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Left to conform: A day in the life of a South Paw.

August 27, 2010

6:45 a.m. Alarm goes off. Radio station not coming in clear. Adjust with right hand; dial is located on the right.

7:14 a.m. Grab right-handed scissors and do a poor job of cutting with my left hand to open a new bag of cat food. Right-handed scissors are designed so the right-handed user can easily see the line being cut; not the case with left-handers. (I vividly recall having to cut a perfect circle of the earth in 2nd grade and my teachersaying, “Just make sure there are no jagged edges.” It turned out looking like a buzzsaw).

7:21 a.m. Put on necklace struggling with little lobster claw on right-hand side.

7:28 a.m. Get into car. Insert key with right hand. Switch from Park, to Reverse, to Drive with right hand. Use right foot for braking and accelerating. Luckily, I am right-footed.

7:59 a.m. Boot up computer. Use right-handed mouse to open Outlook, Word, browser and all other programs. In grade school, the mice were on the right-hand side, so I still use my right hand for mice and track pads today. I was always terrible with computer paint programs, and it took me years to figure out why.

8:23 a.m. Open jar of peanut butter in kitchen, designed for righties. Struggle with jam, also designed for righties.

8:45 a.m. Jot down some notes, writing left to right. Per usual, smear ink, resulting in an attractive blue smudge down the side of my hand.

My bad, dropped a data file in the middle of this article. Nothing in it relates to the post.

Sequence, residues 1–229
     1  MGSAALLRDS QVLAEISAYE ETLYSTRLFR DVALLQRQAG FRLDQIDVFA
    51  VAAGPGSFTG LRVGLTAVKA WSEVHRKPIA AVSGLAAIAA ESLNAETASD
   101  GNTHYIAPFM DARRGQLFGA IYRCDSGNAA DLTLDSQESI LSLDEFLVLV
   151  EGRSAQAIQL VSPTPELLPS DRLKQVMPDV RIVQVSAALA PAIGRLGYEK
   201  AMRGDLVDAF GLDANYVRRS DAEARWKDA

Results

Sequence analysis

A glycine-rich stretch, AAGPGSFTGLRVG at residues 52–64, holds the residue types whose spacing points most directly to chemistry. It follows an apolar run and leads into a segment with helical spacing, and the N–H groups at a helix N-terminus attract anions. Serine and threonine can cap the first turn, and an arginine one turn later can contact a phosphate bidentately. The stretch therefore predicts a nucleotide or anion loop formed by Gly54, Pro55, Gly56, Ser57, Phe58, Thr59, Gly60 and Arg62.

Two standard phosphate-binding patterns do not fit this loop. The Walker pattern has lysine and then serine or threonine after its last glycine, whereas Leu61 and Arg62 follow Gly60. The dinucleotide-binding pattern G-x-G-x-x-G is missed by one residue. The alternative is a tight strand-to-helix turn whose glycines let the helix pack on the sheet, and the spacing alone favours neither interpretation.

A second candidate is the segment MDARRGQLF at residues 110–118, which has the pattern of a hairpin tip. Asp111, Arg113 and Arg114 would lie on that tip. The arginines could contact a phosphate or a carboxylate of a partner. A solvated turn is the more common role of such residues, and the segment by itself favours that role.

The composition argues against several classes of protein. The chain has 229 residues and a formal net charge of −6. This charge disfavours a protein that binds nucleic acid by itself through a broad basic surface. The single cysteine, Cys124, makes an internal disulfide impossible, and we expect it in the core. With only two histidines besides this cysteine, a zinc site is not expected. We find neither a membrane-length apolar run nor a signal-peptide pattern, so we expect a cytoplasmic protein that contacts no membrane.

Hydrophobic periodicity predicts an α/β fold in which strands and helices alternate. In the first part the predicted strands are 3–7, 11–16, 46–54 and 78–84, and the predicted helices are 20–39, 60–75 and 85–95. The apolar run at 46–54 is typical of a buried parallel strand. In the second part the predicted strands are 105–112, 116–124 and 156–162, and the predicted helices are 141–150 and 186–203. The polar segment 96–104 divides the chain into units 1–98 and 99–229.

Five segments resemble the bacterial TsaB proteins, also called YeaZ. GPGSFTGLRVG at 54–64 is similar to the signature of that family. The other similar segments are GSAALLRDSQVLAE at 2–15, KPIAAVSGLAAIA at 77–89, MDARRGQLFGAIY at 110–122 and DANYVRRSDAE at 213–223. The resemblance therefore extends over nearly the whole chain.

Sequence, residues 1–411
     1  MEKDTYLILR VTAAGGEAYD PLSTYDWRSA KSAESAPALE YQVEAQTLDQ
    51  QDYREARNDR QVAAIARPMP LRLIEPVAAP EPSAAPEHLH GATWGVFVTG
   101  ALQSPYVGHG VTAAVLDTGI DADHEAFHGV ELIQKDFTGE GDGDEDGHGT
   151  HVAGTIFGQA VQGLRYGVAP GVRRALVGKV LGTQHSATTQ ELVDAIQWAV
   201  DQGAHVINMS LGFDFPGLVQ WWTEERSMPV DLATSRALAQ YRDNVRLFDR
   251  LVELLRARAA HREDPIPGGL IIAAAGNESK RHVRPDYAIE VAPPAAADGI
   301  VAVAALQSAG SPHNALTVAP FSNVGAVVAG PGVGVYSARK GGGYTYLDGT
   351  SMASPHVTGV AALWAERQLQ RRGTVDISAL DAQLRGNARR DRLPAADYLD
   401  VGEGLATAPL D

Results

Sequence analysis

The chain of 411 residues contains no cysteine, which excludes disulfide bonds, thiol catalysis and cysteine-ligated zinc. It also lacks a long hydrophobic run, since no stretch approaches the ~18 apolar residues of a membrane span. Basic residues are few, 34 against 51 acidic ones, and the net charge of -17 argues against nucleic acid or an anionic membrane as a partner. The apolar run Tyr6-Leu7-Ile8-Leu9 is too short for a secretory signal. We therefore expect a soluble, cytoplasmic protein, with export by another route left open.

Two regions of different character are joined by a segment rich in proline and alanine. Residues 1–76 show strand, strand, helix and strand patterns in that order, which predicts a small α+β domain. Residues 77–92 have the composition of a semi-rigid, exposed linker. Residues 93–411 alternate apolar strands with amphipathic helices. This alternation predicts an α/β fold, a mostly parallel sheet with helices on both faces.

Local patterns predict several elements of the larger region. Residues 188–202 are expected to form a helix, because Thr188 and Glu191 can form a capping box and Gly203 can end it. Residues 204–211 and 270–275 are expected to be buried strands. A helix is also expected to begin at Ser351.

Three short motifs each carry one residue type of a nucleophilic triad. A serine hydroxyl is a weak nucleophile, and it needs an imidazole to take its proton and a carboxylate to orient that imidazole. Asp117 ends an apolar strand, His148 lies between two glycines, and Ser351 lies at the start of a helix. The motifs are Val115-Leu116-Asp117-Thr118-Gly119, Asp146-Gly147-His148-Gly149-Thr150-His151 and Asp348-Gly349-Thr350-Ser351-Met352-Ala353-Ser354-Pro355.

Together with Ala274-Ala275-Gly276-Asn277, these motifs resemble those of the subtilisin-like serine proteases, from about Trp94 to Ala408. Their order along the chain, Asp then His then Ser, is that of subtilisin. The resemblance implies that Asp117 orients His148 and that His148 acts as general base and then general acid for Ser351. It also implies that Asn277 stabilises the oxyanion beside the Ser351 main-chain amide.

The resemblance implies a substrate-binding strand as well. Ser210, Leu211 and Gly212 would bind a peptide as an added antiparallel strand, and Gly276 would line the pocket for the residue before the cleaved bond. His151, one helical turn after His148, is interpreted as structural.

9 a.m. — 3 p.m. Laptop Docking, undocking, re-docking, undocking, using right hand.

3:15 p.m. Shake hands with client using the ‘ol right hand as left-hand shakes can be considered disrespectful.

4:47 p.m. Adjust date/time on my analog watch. It’s not easy to tell time upside down, so use right hand to wind it forward.

5:43 p.m. Lock building using key with right hand. Locking and unlocking are simple tasks I learned right-handed. It would be easier had I learned them left-handed.

6:50 p.m. Open cans with right-handed can opener. Peel vegetables with right-handed peeler.

7:23 p.m. Sit to the right of my right-handed boyfriend when eating dinner so that we continue to bump elbows throughout the meal. You think we would’ve figured out better seating arrangements by now.

8:14 p.m. Play Wii tennis. (Gotta get my cardio in after the big dinner). Select left-handed player option. In your face, computer avatar. If there was no left-handed option, there’s no way I would ever stand a chance.

10:27 p.m. Turn off lamps, all with switches on right side.

This snapshot may be melodramatic — life as a Southpaw is really not a huge inconvenience for me — but it is interesting to consider how we typically conform to the majority. It’s important that companies and organizations evaluate a wide variety of factors that their customers face. The ones who might not fit the traditional mold can feel “left” out, and often appreciate the time you take to consider and address their needs. Also, communicating tailored messages to these different segments often leads to a better ROI than an umbrella approach to marketing. Right?

One Comment
  1. Ruth Hickok permalink
    August 30, 2010 11:52 pm

    Love this post, Mary! Very well articulated :) I have vivid childhood memories of my mom (right-handed) and my dad (left-handed) arguing about which was less irrational: Is it better to be able to see see where you’re writing next on the line, or to not risk smearing the ink with your hand? Instead of finding a solution to the debate, they simply made sure the kids could use our knife and fork with both hands.

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